To knit or not to knit?

Malachy Tallack wrestles with his desire to knit, a practice synonymous with his Fair Isle home.

A strange and unnatural urge has come over me this week . . . I am thinking about knitting a jumper.

For the past two years, a knitting machine has occupied the corner of our kitchen, and I have barely looked at it for most of that time. But suddenly I find myself compelled to create something on it; a desire that is neither sensible nor entirely explicable. Particularly since, for the brief period when I did use a knitting machine, not long after we first moved to the island, I was terrible at it. And it nearly drove me mad.

For most people, Fair Isle is synonymous with knitting and knitwear. The brightly coloured, banded patterns that are now associated with the island first came to prominence towards the end of the 19th century, though their origins are less clear. Because of their alleged similarity to certain aspects of Moorish design, legend had it that the patterns were borrowed from the Spanish sailors who were stranded here in 1588, when the Armada vessel El Gran Griffon wrecked on the island. But that is not a theory that is given much credence these days.

In fact, original Fair Isle patterns bear an uncanny resemblance to the traditional patterns of certain other sub-arctic regions, which makes some sense, though it is not obvious why the patterns here should be so different from traditional patterns in Shetland. It is not a puzzle that is likely to be solved easily.

What is clear though is that all of the raw materials – soft, strong wool from sheep, as well as plants and lichens for dyeing – have been available on the island for millennia, and that people have been making good use of these materials for a very long time indeed.

The trade in Fair Isle knitwear has also been long-running, though its history as a fashion item began just around 150 years ago. By the 1920s, when the Prince of Wales was pictured in a (Shetland-made) Fair Isle patterned sweater, teeing off at St. Andrews, the style had become well-known enough that islanders were appealing to the Board of Trade to trademark the name ‘Fair Isle’. They were trying to protect what might these days be termed ‘cultural property’, particularly from the much larger Shetland industry.

That attempt proved unsuccessful unfortunately, though islanders were allowed to over-print the Shetland trademark with the words ‘Made in Fair Isle’. Since then, of course, the patterns have become public property. It is now possible to buy a ‘Fair Isle-style sweater’, machine-knitted in China, which bears only the slightest resemblance to the original island patterns. Top fashion designers too, such as Alexander McQueen, also make use of the Fair Isle ‘brand’.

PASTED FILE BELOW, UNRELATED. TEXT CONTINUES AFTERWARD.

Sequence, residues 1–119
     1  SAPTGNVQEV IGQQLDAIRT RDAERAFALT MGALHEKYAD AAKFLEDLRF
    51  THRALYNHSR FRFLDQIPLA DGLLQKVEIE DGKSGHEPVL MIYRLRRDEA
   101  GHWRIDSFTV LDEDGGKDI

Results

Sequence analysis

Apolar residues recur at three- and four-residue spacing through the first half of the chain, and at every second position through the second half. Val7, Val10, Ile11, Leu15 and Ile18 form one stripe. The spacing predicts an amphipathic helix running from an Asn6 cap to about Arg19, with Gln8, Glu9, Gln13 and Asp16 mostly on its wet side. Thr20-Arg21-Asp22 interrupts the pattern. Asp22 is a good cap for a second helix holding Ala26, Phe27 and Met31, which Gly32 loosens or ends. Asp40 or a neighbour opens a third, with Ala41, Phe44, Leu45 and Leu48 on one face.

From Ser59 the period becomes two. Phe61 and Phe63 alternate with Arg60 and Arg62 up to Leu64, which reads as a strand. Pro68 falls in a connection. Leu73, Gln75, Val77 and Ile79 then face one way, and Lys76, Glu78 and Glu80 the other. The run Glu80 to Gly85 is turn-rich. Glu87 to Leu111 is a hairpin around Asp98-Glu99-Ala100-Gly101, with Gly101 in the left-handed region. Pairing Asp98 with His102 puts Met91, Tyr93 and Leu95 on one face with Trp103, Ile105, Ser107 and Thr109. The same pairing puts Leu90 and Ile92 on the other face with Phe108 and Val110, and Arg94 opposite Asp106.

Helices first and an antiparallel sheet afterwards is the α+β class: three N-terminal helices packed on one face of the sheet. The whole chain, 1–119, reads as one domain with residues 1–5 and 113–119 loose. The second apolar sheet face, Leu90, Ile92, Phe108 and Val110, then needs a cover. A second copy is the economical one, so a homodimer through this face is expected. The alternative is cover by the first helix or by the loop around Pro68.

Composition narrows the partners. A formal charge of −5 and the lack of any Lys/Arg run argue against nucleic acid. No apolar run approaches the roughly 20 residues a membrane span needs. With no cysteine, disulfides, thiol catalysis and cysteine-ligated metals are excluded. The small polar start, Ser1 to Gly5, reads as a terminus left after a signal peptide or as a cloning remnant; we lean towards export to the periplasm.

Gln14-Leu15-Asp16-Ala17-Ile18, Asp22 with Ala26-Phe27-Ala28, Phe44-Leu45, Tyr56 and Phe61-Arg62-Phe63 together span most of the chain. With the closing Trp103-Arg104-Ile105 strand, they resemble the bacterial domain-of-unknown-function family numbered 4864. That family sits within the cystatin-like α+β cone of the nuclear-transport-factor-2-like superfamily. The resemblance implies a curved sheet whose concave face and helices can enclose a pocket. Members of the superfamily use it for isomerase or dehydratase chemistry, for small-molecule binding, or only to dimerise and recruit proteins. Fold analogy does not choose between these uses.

The only place where authentic Fair Isle garments are available these days is in Fair Isle. A co-operative group, Fair Isle Crafts Ltd., was launched in 1980 to try to preserve the dwindling knitwear industry on the island, and to ensure a reasonable wage for the knitters. They are still producing ‘hand-frame knitted’ garments today.

It is no longer possible to buy hand-knitted sweaters here, but they are still being produced in Shetland, where knitters generally earn about 50 pence an hour. Consumers are simply not willing or able to pay a fair price for a garment that can take up to 120 hours to produce.

When I first came to Fair Isle, I joined Fair Isle Crafts and learned to knit. In the time I was a member I was noted for both my lack of productivity and my lack of skill. The other members were probably just as relieved as I was when I eventually gave it up.

I think I will manage to resist the temptation of the machine for a little longer.

Photographs by Dave Wheeler

Malachy Tallack is 26 and lives in Fair Isle. He is a singer-songwriter, journalist, and editor of the magazine Shetland Life.
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There's nothing Luddite about banning zero-hours contracts

The TUC general secretary responds to the Taylor Review.